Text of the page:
New York Stories is comprised of three short films, each running for 30-45 minutes. The three films are directed by three different directors – Martin Scorsese, Woody Allen and Francis Coppola. New York Stories fails in a variety of ways. Firstly, after sitting through the entire anthology you realise how irrelevant the inclusion of New York is. Each film is of course set in the city but it doesn’t seem to have much prominence or importance. It could just have easily been called Seattle Stories. Secondly, two of the three films are possibly the poorest work that these two directors have ever produced. Allen’s film loses all charm in its final half and is considerably poorer than even his weakest feature films. Coppola’s segment is an atrocity. It is stupid, boring, wooden and desperately lifeless. Scorsese opens New York Stories and this remains the only enjoyable and credible part of this collaboration. New York Stories is simply an experiment gone wrong. Three creative men tried something and it just didn’t work. New York Stories demonstrates just how tricky it is to collaborate artistically. Allen has made a career out of writing, directing, acting and producing because he is so desperate to maintain control. Imagine only having a percentage of this control whilst also being limited to a time limit of 40 minutes. You have to admire New York Stories for what it tried to do but also face up to what it failed to do.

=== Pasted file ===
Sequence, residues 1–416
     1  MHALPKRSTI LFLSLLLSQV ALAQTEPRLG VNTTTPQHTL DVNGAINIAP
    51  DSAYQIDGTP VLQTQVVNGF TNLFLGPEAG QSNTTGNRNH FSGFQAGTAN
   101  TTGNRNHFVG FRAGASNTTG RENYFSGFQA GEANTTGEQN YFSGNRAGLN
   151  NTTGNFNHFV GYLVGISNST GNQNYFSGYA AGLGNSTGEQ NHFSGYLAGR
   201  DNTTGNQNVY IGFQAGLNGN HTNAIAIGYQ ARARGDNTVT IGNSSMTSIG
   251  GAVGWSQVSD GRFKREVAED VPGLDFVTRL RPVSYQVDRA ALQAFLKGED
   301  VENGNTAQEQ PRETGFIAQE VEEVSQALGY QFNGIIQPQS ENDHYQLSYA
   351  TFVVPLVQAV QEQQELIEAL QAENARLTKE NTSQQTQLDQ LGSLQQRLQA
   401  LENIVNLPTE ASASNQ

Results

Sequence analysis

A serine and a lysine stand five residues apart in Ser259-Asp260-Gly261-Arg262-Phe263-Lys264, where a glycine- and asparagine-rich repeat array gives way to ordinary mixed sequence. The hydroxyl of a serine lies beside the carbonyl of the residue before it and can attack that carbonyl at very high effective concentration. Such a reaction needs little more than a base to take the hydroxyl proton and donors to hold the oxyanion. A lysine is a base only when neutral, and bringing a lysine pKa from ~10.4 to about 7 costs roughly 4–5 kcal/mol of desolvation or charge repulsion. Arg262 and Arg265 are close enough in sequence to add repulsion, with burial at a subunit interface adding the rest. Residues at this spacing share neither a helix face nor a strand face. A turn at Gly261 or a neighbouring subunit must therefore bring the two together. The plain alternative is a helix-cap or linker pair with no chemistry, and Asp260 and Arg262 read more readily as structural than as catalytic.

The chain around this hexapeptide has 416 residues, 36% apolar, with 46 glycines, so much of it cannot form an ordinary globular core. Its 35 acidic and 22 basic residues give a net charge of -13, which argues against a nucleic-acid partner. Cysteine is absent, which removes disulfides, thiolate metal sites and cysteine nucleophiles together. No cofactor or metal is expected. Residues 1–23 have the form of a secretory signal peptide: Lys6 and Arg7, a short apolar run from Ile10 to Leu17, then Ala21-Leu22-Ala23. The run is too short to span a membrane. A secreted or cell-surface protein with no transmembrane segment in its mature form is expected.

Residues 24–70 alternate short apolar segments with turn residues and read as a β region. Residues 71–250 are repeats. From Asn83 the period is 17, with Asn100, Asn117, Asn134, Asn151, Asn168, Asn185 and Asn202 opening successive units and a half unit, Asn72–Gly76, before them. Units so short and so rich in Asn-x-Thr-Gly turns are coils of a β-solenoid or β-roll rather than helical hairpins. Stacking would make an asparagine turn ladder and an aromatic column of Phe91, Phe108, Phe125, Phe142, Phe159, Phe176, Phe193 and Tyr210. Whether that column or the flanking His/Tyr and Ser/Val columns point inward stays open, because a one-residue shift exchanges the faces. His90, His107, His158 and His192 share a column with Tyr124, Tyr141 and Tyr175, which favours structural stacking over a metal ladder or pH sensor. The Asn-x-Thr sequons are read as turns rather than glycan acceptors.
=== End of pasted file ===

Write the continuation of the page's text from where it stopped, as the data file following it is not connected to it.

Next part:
Life Lessons is Scorsese’s section of the anthology. It tells the story of a painter, desperate to keep his girlfriend in his life despite her having obviously lost all her romantic feelings towards him. His creativity is blocked during this stressful time and the artist’s turmoil is displayed in what he paints. The artist, played brilliantly by Nick Nolte, exploits his girlfriend for sexual purposes whilst she uses his connection and artistry to drive her own art career. The cycle eventually begins again when the painter meets a new, attractive woman who is both an aspiring artist and an admirer of his work and career. The film is fun and complex despite only lasting for 45 minutes. From the very beginning this is blatantly Scorsese’s film, due to the presence of his iconic visual authorship. Life Without Zoe is thankfully the shortest of the three segments. Coppola has attempted to make some sort of twisted robbery thriller that takes place around a disgustingly precocious and pampered little girl who lives in a hotel. There is nothing redeemable about this. It is a flat out failure. The less said about Coppola’s hideous contributions to New York Stories, the better. Allen’s film is split down the middle. The first 15 minutes are endearing and witty as a middle aged man, who wishes his controlling mother would vanish from his life, suddenly gets his wish granted when an illusionist’s stage stunt goes wrong. When the mother makes her odd return to the story the film plummets like a lead balloon. The final ten minutes are very out of character for Allen; losing all subtlety and direction. New York Stories consists of three films that hardly flow as separate segments, let alone as a collective piece. Choosing to start New York Stories with Scorsese film, the best of the three, only leads to guaranteed disappointment in the film’s obvious deterioration. Three words to describe this anthology: messy, lazy and limp.
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